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Summary: We would do well to learn from John’s attitude: I am not worthy to untie his sandal"

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HB 14-12-08

John the Baptist

Three of the four Gospels that tell the life of Jesus and his ministry here on earth, begin with the life of John the Baptist – the forerunner of Jesus Christ the Messiah.

You might ask- why? Why does John the Baptist figure so prominently?

Well one reason is that John’s life and ministry was prophesied in the last book of the Old Testament, the book of Malachi

1 "See, I will send my messenger, who will prepare the way before me. Then suddenly the Lord you are seeking will come to his temple; the messenger of the covenant, whom you desire, will come," says the LORD Almighty. (Mal 3:1)

The Gospel writers saw the Gospel of Jesus Christ running on directly from the Old Testament.

John wasn’t there by chance – the right man at the right time.

John was there because God had CALLED John to be the messenger who went ahead of Jesus.

So you might wonder why , when John is calling people to repentance, as we read in Mark’s Gospel last week, the Jewish leaders were so concerned WHO John the Baptist was.

Were they missing the point?

I don’t think so, but to understand why we need to consider the political climate of the time

Background

Judea was a hotbed of unrest. The Helmand province of the Roman Empire

The Jews harked back to the golden days of Judas Maccabeus

In 167 BC Judas Maccabees (his name means the Hammer) had led a successful revolt against Antiochus IV the Seleucid King of Syria who had invaded the country and taken Jerusalem.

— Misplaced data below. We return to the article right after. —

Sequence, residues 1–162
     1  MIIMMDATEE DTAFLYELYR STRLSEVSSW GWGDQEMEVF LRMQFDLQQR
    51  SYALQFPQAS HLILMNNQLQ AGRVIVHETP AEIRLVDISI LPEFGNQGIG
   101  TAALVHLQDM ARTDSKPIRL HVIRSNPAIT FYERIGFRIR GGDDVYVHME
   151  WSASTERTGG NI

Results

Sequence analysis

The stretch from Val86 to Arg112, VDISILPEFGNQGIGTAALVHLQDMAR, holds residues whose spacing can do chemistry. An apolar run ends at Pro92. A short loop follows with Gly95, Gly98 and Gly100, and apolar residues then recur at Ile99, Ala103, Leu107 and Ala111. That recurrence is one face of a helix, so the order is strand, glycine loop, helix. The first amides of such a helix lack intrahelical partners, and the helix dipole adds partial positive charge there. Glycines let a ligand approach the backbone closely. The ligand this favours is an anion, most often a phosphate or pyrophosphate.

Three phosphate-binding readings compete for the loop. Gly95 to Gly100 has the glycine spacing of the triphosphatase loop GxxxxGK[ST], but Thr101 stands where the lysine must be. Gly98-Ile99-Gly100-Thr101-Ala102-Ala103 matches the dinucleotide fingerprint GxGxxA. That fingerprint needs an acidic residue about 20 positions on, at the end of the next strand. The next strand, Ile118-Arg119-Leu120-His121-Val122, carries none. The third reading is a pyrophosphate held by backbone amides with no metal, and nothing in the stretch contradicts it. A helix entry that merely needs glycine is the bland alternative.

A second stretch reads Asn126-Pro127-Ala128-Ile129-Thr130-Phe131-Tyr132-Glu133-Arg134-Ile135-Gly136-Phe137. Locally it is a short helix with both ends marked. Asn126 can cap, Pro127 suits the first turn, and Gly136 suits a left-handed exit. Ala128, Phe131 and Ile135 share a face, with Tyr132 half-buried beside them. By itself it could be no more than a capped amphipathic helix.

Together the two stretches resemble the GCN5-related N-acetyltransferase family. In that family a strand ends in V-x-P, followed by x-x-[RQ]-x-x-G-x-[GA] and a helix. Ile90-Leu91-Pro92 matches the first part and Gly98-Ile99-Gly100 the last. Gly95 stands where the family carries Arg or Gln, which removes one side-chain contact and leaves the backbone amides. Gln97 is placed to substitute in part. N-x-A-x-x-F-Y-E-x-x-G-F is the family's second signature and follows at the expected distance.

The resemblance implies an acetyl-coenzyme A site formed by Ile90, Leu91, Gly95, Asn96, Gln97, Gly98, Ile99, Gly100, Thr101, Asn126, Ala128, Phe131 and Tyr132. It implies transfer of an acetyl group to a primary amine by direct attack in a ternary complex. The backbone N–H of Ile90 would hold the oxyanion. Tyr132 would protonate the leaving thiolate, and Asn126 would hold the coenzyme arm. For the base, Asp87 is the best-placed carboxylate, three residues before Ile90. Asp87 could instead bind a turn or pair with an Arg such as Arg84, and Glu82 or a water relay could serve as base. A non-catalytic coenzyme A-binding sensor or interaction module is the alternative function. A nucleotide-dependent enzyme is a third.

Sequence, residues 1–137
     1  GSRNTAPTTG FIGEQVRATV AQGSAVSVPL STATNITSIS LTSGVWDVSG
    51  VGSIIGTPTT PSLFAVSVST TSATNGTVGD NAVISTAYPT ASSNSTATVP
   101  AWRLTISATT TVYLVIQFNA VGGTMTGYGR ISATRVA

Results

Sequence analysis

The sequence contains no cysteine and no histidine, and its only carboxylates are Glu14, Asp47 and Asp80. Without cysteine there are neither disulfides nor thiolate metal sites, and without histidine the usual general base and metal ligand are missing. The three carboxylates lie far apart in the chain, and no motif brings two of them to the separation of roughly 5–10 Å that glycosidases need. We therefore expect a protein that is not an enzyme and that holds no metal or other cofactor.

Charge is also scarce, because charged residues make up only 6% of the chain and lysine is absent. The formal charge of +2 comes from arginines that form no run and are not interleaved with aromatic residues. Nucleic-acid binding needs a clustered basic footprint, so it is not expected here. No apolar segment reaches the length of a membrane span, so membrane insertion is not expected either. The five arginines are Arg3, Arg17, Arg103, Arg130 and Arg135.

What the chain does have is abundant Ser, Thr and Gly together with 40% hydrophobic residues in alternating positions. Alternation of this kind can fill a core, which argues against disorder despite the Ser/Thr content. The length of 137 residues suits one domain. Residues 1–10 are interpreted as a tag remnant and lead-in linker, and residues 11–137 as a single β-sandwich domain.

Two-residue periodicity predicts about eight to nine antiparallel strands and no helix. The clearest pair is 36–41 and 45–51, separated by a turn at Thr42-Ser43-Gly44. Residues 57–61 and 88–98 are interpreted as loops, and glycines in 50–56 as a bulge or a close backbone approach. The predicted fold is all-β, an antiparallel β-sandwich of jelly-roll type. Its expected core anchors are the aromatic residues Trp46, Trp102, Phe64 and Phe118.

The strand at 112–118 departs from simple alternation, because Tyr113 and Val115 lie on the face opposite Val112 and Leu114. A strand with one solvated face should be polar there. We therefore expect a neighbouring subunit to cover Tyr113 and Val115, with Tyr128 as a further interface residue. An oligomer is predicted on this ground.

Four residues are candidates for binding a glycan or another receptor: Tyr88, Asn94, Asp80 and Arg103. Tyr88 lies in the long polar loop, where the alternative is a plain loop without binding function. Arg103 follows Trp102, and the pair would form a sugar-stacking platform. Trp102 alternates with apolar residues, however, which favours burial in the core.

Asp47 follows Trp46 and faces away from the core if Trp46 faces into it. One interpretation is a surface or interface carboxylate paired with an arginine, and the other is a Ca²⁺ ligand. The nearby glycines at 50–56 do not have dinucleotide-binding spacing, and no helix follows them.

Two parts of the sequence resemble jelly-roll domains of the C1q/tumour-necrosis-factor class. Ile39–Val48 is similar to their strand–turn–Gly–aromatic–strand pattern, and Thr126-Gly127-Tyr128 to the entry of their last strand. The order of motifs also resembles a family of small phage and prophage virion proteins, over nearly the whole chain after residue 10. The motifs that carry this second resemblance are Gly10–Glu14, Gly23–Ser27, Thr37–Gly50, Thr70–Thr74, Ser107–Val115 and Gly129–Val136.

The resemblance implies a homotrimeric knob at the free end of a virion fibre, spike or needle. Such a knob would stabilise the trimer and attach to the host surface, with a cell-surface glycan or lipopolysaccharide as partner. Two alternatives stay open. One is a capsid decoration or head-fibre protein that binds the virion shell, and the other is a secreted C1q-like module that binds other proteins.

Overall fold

To add insult to injury, Antiochus had sacrificed a pig on the main altar in the Temple in Jerusalem – the ultimate insult to the Jews

It was this act that provoked Judas, his father and his brothers that they rose up and threw Antiochus out.

The Hasmonean kingdom of Israel, which followed was quite successful for about 100 years – and quite prosperous too

Then in 63 Pompey, when asked to decide between two claimants to the Hasmonean throne decided instead to invade and annexed Judea to the Roman Empire.

At the time of John the Baptist there were four main parties of Jews – one of which were the Zealots – a terrorist organization dedicated to throwing the Romans out by force.

A second was the party of the Pharisees the main religious orthodox party

A third - the Sadducees - represented the ruling class.

And you will come across these two groups, Pharisees and Sadducees quite a bit in the Gospels

The last group the Essences decided to opt out of society and founded their own communes the most famous of which was Qumran where the Dead Sea Scrolls were found.

At the time of John, messiahs sprung up quite regularly across the country offering to rid the country of the Romans by force - and often attracted a following.

Gamaliel in Acts 5:36-and 37 describes two such Messiahs:

36Some time ago Theudas appeared, claiming to be somebody, and about four hundred men rallied to him. He was killed, all his followers were dispersed, and it all came to nothing. 37After him, Judas the Galilean appeared in the days of the census and led a band of people in revolt. He too was killed, and all his followers were scattered.


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